This disbelief in honor, and the pitiable way in which some scrabble after it, only makes truly honorable behavior, like Zelensky’s, more apparent. But here we must pause to remember that Zelensky’s circumstances are unique (as were Churchill’s or Lincoln’s): not everyone has the opportunity for great actions.
Indeed, such a world would be messy and unpleasant. So an ordinary politician, who is probably ambitious, actually has a rather hard position: really honorable actions are less likely to be visible, and so less likely to lead to external honor, while honor-seeking behavior will at least gain attention. To quote Shakespeare (again), “Some are born great, some achieve greatness, and some have greatness thrust upon ‘em.”
Lots of people appear to fit into none of these categories. And this is sad, and good, and a temptation, and a call to duty, all at the same time. As Lincoln noted in his Lyceum Address, the ambition of the great constitutes a mortal danger in time of peace—but perhaps it can be channeled to productive ends, and noting a danger in peacetime does not mean that we should all go to war.
Where does all this leave us? It seems that choosing honor alone is a bit silly at best, dangerous, corrupt, and evil, at worst. Choosing the honorable seems to be good, but only if it is truly honorable—not a kind of false, deluded ideal. Maybe it makes sense to choose both honor and the honorable. After all, if the truly honorable is a good path to external honor, then a desire for honor may lead to good action—and I think it often does. But even this path is hardly foolproof, for there are all sorts of external honor, and though the good is often praised, evil is also often praised.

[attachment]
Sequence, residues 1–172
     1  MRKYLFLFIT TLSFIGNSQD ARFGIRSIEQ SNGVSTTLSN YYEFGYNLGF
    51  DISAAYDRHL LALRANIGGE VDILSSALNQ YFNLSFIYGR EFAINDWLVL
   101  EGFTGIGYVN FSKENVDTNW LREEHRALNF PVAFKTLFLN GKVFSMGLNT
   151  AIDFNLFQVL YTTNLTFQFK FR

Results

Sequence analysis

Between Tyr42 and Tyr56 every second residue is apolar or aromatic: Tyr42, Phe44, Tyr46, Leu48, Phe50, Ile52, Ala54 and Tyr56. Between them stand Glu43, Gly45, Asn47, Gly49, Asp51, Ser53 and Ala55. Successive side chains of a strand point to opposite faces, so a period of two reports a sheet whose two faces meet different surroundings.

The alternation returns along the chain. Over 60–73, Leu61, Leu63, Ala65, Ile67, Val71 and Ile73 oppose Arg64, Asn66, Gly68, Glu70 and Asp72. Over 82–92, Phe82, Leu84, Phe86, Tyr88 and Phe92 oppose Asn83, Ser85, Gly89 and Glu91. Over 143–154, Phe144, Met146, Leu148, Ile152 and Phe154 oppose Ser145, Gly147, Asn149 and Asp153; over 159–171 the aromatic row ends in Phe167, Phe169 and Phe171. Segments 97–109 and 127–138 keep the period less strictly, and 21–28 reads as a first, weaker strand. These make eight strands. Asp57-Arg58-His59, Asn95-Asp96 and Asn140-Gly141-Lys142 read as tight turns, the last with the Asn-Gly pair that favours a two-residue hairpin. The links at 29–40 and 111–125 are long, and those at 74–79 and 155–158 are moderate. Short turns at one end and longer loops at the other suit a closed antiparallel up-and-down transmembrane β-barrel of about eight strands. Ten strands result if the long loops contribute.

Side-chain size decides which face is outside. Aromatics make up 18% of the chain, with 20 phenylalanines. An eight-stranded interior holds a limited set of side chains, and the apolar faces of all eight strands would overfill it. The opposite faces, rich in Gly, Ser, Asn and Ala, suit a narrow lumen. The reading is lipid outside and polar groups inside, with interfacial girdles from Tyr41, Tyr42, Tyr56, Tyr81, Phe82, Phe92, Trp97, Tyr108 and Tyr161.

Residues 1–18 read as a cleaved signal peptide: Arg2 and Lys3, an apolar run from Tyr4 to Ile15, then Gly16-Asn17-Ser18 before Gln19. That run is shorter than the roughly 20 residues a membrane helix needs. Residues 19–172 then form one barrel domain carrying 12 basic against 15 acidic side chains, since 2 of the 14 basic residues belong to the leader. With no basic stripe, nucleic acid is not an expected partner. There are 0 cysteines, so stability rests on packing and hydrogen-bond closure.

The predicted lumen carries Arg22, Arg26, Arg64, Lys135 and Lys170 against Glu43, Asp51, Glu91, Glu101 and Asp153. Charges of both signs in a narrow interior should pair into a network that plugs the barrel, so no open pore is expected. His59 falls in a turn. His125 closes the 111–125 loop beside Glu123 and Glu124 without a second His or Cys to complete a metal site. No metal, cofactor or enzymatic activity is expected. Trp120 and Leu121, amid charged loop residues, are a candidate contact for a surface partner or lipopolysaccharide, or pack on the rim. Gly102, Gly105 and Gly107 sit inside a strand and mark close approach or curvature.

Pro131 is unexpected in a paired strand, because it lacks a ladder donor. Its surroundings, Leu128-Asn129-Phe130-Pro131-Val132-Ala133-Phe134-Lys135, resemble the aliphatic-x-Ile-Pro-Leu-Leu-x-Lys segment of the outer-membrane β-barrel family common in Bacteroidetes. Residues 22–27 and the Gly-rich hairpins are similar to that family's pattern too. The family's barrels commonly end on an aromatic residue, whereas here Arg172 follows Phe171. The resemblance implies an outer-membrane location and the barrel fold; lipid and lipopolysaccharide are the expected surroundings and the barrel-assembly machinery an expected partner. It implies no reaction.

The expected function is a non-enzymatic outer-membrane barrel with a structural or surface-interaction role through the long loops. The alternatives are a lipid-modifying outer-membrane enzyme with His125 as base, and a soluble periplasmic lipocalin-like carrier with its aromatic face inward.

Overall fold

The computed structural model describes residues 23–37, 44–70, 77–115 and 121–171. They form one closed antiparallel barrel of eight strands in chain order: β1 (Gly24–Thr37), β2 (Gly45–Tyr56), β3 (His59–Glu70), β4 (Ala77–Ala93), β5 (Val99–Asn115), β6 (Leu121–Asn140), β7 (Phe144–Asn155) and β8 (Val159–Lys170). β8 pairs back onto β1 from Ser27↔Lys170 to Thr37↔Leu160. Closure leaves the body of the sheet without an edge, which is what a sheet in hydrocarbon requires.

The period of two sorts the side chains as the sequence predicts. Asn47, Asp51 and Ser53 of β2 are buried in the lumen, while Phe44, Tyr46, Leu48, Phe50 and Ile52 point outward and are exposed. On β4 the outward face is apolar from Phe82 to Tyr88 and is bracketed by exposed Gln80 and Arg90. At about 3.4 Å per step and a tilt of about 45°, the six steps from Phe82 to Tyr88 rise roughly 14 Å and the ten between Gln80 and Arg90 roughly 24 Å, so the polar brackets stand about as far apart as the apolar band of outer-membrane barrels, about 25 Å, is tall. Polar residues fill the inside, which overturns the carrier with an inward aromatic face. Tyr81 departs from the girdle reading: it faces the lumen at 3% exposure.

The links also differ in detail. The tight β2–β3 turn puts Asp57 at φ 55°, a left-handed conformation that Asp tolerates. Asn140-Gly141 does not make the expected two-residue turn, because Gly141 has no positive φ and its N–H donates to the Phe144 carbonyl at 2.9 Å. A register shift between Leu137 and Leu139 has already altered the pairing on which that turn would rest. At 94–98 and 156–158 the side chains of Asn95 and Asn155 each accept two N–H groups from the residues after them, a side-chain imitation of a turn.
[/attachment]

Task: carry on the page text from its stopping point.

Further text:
No, we are left with a beast; not, perhaps, a black one, but a kind of chameleon. It is a powerful force for good, and a powerful force for evil: a beast that can swallow us or serve us. And it is this way not only for statesmen, but for many people in many places.
Perhaps we are left to consider Ellidyr’s self-sacrifice, or Zelensky’s conviction that life does not matter while children die. The surest guide to guarding this beast may be not a single-minded devotion to duty, but a recognition of duty as intrinsically tied to others: a duty toward those who need us, not a duty to attain glory or to do great deeds.
Seeing honor in the eyes of others allows the leader—and all of us—to overcome the temptation to choose the wrong set of ideals, like Putin, while humanizing and de-mystifying external honor. One who looks downward only, or inward only, has already been consumed.
Jonathan Meilaender is a JD candidate at Harvard Law and is concurrently engaged in a Master’s program in German and European studies at Georgetown University. He received his BA in Politics from Saint Vincent College where he was also Editor-in-Chief of the Saint Vincent College Review. @JMeilaender